Well we have a baby ‘Session IPA’ at 3.5% called Throwback IPA our West Coast Pale and the big boy IIPA. We like flavourful, and admittedly, hop forward beer so to kick off with these as our initial core range seemed an appropriate way to go about things. We’ve always had 5 beers planned for our ultimate core range but thought it important to launch with only three of them.
Our philosophy is that our core range is always available in both keg or can.
We (fermentation capacity permitting) have planned for a more malt forward beer which might be released around Good Beer Week and a 5th later in the year. They are secret though so I can’t tell.
Are there plans for limited release beers and if so, can you give any hints on what you might do?
Being former BrewDog boys having a bunch of single batch beers is pretty important to us. We’d get bored otherwise. We very deliberately purchased 2x single brew length tanks and 4x double tanks for our starting CCVs. The two smaller ones will be dedicated to big beers and our single batch beers so we will be able to churn out 12+ specials a year. Our specials will be available in keg and 650ml bottle.
Your website is beautifully written, like reading something your best mate wrote, so I have to ask, who’s writing it?
Ha! There’s a bit of a mix there. I’m generally responsible for most of the content at the moment, however, we have a pretty fantastic marketing chick, Lauren, on board (who’s based in Melbourne but originally from Adelaide). So generally she will ask for content, I’ll write it up (when I’m in the mood) and bounce it back to Jack, MC, Lauren and her sister, who’s a copywriter, for their perusal and final touches. I’m quite proud of what we’ve been able to achieve together – this extends to all of our marketing and design.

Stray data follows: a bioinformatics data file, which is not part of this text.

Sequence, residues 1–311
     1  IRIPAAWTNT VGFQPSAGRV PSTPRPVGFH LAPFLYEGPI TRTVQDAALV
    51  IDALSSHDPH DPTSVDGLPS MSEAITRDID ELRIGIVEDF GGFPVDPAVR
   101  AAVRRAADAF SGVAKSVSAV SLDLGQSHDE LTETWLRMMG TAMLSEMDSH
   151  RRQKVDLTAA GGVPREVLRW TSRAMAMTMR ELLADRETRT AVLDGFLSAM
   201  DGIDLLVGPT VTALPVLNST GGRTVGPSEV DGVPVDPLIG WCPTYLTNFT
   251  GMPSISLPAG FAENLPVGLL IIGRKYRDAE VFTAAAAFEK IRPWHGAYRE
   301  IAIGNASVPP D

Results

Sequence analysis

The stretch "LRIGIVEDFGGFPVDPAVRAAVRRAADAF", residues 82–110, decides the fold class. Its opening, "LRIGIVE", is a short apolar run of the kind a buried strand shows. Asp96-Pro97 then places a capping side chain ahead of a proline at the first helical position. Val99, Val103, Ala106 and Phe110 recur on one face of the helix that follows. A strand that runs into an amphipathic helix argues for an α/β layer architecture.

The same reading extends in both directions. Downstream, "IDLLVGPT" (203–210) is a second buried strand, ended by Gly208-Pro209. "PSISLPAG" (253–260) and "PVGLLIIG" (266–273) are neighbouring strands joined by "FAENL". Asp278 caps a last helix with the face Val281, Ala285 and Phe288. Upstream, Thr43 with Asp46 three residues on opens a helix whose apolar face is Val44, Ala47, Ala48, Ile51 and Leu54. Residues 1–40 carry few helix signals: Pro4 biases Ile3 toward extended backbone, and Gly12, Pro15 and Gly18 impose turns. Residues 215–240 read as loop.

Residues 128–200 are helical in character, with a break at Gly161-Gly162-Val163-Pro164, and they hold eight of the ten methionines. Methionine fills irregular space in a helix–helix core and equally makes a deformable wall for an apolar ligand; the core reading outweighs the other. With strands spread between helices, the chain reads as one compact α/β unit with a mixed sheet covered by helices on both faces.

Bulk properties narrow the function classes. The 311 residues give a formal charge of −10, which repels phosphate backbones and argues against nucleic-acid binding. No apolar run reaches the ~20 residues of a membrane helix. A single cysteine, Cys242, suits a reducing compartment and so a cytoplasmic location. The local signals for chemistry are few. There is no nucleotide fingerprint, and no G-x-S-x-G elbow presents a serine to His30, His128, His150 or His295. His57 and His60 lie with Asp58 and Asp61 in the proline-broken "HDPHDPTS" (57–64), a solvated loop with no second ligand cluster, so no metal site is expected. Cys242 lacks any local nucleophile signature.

Pirate Life has been pretty active on social media long before you opened, how important do you think social media is to a new brewery?
Vitally important. It’s also massively important how you go about it. There are multiple platforms, each of which require their own unique content. Jack has taken lead on the social media side of things and does a bloody good job of it. Lauren and I keep an eye on things and will post stuff or edit posts if it needs it. Social media is also two-way traffic so we probably have to improve our engagement little bit so hopefully when things settle in to a more of a routine we can identify these areas and give more back to the punter. You’ve no idea how full on the last few months have been!Throughout our many launches we’ve had here in SA we’ve had a lot of people say that they’ve been following us from early days and have really enjoyed seeing things unfold which has been really nice. We’ve been on a pretty full-on journey and it’s been nice to be able to share that anyone who’s been interested in joining us.
What will be the three biggest trends in craft beer in Australia?
No1. by a long way is cans. 2nd would have to be a move away from the bigger hop bombs to smaller and more sessional beers. 3rd will see an increase in sour offerings, whether they be a delightful little Berliner Weisse or a full blown pseudo-lambic.
Do you have plans to send beer to WA?
Yep. WA will be an important market for us. We’re launching in to WA for early/mid April and then in to Victoria early May. Once we’re comfortable with production in those markets we will roll out the rest of Australia. We will be having a big launch in the city and a series of smaller launches around the metro area and one or two down south so I can see my dog. And family and friends.
Thank you Red! Can’t wait to see Pirate Life in WA!